On the contrary, the mood music here is positively upbeat. The world of local government heralds this proposal as a new renaissance in its relationship with the NHS. A total of 134 out of 152 top-tier councils have volunteered to become ‘early implementers' of HWBs – an impressive tally bearing in mind the constitutional independence of local government from central government or NHS control. From the work we’ve been doing to help local authorities and their health partners set up these new arrangements, it's clear that some GP leaders see the advantages of working more closely with their local councils. And there are signs that large powerful acute trusts see a potential role for HWBs in offering system coherence – leadership even – that appears conspicuous by its absence from the rest of the new architecture. In contrast with the high-octane controversy about the rest of the reforms, their pace and timing, a strong consensus is emerging that a ‘pause’ in this part of the reforms would be a backward step and that the implementation of HWBs should continue apace.
So why the positive glow around HWBs? Advocates claim they address longstanding concerns about the democratic legitimacy of the NHS by clarifying and strengthening its relationship with local authorities. And with most places having shadow boards in place this year, they offer a fixed organisational point in the otherwise turning world of change within the NHS, providing a platform on which local system leadership can grow. HWBs bring together a range of other public service interdependencies – including public health, housing and children's services – that could otherwise become scattered and fragmented, and they can inject new vigour into attempts to create more integrated working across health and social care. Such integration is acquiring new urgency in response to the rising tide of long-term conditions, dementia and frailty, as we signalled in our paper earlier this year.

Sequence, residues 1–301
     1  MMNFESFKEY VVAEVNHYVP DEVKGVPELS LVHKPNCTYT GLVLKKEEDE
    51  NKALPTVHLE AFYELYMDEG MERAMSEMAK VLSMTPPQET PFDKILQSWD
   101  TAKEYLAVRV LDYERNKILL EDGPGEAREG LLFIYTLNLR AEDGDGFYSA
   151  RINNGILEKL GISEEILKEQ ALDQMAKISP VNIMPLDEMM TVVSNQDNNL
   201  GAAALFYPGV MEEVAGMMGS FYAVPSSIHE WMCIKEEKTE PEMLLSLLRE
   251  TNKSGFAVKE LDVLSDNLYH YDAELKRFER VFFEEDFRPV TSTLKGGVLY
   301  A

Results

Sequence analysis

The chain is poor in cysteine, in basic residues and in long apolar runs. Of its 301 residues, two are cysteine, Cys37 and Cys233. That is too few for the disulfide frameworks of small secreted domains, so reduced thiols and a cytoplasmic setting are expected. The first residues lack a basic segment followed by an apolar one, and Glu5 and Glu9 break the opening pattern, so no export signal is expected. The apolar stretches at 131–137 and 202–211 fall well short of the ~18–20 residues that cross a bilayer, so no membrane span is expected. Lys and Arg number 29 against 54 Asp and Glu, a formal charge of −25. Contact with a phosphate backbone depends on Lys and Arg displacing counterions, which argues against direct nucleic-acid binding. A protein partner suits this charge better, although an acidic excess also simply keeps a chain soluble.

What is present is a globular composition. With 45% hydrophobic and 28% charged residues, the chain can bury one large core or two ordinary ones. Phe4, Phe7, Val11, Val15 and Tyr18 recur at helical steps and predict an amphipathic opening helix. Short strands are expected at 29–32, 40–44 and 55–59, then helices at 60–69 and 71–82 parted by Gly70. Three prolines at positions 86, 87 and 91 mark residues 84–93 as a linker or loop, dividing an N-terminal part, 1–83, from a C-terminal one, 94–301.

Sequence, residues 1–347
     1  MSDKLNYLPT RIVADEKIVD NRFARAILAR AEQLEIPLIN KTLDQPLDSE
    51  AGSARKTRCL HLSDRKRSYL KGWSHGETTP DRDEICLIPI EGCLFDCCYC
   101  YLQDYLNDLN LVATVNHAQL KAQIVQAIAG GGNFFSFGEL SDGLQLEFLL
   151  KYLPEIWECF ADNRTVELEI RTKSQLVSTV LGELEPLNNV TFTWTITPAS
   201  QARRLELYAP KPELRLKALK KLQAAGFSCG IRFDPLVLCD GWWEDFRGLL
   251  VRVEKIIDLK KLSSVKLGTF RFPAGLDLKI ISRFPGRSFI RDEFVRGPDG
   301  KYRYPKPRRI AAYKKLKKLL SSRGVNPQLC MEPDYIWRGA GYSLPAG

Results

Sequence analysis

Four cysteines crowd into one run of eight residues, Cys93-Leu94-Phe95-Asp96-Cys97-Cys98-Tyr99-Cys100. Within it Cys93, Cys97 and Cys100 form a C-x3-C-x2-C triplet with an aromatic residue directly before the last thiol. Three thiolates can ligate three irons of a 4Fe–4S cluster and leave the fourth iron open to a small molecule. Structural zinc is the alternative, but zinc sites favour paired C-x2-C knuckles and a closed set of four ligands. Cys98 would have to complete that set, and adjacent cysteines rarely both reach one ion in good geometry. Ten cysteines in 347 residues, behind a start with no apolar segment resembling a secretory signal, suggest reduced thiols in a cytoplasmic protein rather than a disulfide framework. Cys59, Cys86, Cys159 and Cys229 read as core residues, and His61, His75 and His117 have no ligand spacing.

However, real concerns remain. First, HWBs will quickly exhaust their credibility if local authority leaders fail to step up to the plate and support their NHS partners in tackling tough service reconfiguration decisions that are crucial to the financial challenges ahead. There can be no better example of the premium placed on mature political leadership by localism. Second, while local authorities have years of experience of commissioning social care services to share with fledgling GP commissioners, they should not underestimate the complexities of commissioning some kinds of health care and the specialist capacity required to do this well. There is a separate argument about local government’s role in health commissioning that should not be confused with the essentially strategic role of HWBs. Finally, those old enough to remember Joint Consultative Committees (set up in the 1970s to promote joint working) will need no reminders about the dangers of re-creating talking shops. HWBs need to be crucibles of change and to achieve the kind of co-ordination and joining-up of local services expected of them (something that has never been consistently achieved by any set of reforms since 1948); they will require stronger powers than those contained in the current Bill. Amendments in this area could deal with some of the concerns about accountability of GP consortia for the use of public funds, for example by strengthening HWB oversight of consortia commissioning plans, thus offering an immediate stepping stone to help get the government's reforms on a more stable and promising trajectory.
Whatever the outcome of the 'pause', HWBs do seem to be part of the solution, not the problem, and – back to Leo McGarry’s sausages – might yet help save the government's bacon?
We'll be exploring these issues further in our summit on health and wellbeing boards